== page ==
However we are now seeing a plateau in the data with variations emerging across Organisations, so need to work together to understand whether this is due to focus being lost, or some other factors that we have not yet identified. The pockets of good practice all over the country need to be connected up and work done where gaps are identified. We need to improve the capturing and measurement of data, engaging all regions in building a comprehensive national picture.

Achieving lasting results relies on us sharing our experiences beyond the NHS into social care and the private care providers to ensure no matter where someone is receiving their care, the same high standards of quality will be apply. A national nursing collaborative has been established with representation from a number of major stakeholder organisations. We are working together to shape the strategy and determine the most effective ways to embed this in all caring organisations.

The ‘Stop the Pressure’ campaign is now becoming a real vehicle of change and through the newly established Patient Safety Collaboratives, we have the perfect opportunity to prioritise Pressure Ulcer Prevention and achieve long term success for all patients in our care.

Visit the website, look at the tools and resources and get involved in making this a priority for your team or organisation. I urge you to take action for this year’s Fab Change Day for the benefit of everyone in your care – today, tomorrow and forever.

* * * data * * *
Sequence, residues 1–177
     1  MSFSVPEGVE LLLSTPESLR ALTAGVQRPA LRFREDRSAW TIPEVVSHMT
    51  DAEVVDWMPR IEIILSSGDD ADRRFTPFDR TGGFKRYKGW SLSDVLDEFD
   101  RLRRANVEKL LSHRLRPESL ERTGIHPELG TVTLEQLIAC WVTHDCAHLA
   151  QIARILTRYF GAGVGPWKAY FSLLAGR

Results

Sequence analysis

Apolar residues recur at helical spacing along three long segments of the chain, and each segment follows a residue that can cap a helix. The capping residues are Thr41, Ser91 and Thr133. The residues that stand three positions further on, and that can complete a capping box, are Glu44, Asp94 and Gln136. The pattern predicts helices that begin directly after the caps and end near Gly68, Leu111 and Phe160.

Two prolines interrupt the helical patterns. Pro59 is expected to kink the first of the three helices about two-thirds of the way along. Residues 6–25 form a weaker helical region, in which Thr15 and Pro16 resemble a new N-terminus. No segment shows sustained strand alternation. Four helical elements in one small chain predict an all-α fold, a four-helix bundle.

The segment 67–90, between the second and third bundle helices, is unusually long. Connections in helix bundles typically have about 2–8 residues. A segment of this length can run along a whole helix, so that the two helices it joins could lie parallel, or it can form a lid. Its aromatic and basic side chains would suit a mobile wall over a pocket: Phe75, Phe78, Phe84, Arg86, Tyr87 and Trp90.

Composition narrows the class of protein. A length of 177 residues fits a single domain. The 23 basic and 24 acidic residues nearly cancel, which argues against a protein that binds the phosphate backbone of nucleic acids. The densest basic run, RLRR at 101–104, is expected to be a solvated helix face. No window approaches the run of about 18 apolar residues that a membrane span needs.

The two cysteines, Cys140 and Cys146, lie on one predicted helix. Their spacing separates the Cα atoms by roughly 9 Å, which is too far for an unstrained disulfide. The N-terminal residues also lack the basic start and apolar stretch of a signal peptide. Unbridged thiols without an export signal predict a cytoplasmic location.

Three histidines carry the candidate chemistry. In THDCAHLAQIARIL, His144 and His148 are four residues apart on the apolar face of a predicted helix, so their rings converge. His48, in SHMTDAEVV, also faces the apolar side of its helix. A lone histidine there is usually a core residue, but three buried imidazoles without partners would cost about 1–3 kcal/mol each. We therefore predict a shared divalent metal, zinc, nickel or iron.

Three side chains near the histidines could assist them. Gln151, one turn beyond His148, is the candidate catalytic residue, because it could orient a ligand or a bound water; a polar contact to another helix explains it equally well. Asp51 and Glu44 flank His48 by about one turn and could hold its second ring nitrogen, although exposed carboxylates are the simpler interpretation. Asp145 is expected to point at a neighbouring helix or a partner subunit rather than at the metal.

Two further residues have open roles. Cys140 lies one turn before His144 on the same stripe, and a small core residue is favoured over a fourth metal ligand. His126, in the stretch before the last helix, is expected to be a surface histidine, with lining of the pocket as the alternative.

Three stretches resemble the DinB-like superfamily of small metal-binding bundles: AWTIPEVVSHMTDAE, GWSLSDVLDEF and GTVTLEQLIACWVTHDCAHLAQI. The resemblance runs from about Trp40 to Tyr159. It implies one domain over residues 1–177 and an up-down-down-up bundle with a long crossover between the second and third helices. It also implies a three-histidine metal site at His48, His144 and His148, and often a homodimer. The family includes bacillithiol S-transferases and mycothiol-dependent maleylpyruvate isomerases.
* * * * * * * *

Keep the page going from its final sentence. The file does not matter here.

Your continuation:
Take action

  1. Tweet #StopthePressure that you’re committing yourself to this campaign
  2. Read the resources at www.stopthepressure.com including SSKIN — Five Simple Steps to Prevent and Treat Pressure Ulcers, and the Learning to Stop the Pressure resources
  3. Take one of our suggested actions (listed below), such as playing the Stop the Pressure boardgame in your organisation, engaging with your local Patient Safety Collaborative, or encouraging a Board member to shadow a Tissue Viability Nurse for ½ day on Fab Change Day 19 October 2016.
Here are some suggested actions you could take in support of #StopthePressure:
  • Visit www.stopthepressure.com and start to share the resources in your own organisation, making use of the many helpful tools and resources available.
  • Organise a meeting of your stakeholders to discuss ‘Stop the Pressure’ and agree what action you can take to reduce avoidable Pressure Ulcers where you work.
  • Start a ‘Stop the Pressure’ campaign in your organisation and measure the impact.